The Trouble With AllStar Teams (20:45)
Nothing is beneath you. Another stat and basketball that you've talked about, which is teams that have the most all-stars tend to perform the worst, which I think is really pretty interesting. If you have a whole team of all-stars, they're less likely to want to do that. Everybody wants to take the game-winning shot. And so, yeah, there are studies both in basketball as well as in professional soccer showing that if you have a team of more than about 60% superstars, you're odds of winning a championship or having a highly successful season go down because you're missing the role players. And so whenever I hear a CEO say, "Well, I only hire eight players," I think, "Well, you know what? There's a lot of important work that eight players don't want to do." And so I think that's the wrong mentality. I think the evidence would tell us that an A team is actually composed of A and B and C players. I am so desperate to get Phil Jackson on the show. I don't know if you read his book, "11 Rings," but oh man, when he talks about how we weren't winning championships when Jordan was just the best player in the NBA. We started winning championships when he became a leader. And when he realized you can't just punch people in the face and hope that that is going to take you like that will inspire them to elevate their game, he was like, "You have got to find a way to connect with these guys to bring them together." And he said, "When I was able to focus him on leadership and really being a leader, then we start taking off." And he was like, "Look, he was still Michael. He was still super hardcore." But in recognizing that he wasn't going to be able to win by himself, and I think that speaks to your earliest point about the best leaders being servant leaders and being able to recognize how they have to give and not just take is pretty extraordinary. Yeah, one of the questions I've gotten really interested in lately is the question of leader emergence. So you've got a team and you have different levels of ability. And then somebody steps up and becomes the informal leader. What drives that? And sometimes it's just the most competent person. But often it's what psychologists would call prototypicality, which is to say, "What does the group stand for? And then who's the person who's most likely to exemplify the essence or the identity of the group?" I think that's something that very few people stopped, I think, through when they either started a new job or when they built a team, is to say, "Okay, if I were to make a list of the values that are distinctive, central, and enduring to this team or to this company, what are they? And then how do I make sure that I represent the most core values?"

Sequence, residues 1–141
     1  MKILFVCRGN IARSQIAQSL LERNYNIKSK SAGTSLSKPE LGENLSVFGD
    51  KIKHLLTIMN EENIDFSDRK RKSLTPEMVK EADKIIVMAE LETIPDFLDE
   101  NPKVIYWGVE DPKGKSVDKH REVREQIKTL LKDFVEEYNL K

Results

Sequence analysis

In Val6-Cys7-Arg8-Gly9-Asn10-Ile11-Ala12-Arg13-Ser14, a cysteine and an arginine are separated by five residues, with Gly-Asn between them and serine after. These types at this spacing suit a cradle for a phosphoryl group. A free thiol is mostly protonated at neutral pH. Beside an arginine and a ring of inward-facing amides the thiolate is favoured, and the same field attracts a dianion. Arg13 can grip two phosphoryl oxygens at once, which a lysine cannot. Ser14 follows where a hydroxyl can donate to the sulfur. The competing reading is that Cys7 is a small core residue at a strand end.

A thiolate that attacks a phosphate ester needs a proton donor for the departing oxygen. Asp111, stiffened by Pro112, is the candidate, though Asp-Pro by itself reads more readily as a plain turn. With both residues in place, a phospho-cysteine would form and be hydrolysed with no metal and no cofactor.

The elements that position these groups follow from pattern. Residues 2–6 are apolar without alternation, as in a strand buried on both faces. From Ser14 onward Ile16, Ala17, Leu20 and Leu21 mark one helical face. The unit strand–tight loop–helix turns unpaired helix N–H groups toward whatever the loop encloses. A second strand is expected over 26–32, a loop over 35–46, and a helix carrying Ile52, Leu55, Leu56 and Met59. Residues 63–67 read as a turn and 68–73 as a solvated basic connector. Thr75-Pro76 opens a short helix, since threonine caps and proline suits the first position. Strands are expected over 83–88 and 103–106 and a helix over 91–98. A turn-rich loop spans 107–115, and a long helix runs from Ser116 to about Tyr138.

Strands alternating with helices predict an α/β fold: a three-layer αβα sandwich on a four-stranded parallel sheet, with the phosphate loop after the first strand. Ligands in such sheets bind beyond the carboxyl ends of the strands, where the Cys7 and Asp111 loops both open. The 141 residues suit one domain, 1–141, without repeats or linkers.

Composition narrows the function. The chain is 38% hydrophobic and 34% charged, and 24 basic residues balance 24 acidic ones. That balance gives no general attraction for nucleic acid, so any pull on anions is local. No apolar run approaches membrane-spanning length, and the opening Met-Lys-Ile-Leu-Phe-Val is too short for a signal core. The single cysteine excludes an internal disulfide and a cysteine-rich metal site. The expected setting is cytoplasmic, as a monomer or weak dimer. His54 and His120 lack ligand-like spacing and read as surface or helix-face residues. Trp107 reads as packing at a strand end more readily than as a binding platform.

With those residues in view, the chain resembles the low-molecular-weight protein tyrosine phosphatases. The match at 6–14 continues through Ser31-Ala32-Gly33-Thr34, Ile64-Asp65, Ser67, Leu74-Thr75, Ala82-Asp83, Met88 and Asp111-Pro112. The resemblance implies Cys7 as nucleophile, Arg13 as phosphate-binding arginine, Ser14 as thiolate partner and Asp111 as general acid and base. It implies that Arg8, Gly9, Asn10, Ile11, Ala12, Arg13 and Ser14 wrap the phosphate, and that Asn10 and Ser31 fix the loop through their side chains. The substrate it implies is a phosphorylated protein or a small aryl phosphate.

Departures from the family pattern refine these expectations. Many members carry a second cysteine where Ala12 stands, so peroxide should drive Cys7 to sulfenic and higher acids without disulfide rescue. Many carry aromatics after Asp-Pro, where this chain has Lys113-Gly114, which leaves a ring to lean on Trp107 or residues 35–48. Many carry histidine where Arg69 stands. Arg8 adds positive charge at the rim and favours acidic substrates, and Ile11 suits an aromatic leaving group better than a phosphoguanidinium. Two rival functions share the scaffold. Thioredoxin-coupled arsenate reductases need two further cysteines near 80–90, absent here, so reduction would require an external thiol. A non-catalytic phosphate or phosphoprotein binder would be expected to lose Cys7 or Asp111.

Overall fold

Conceptual Approaches To Progress And Motivation
Cognitive Entrenchment (23:11)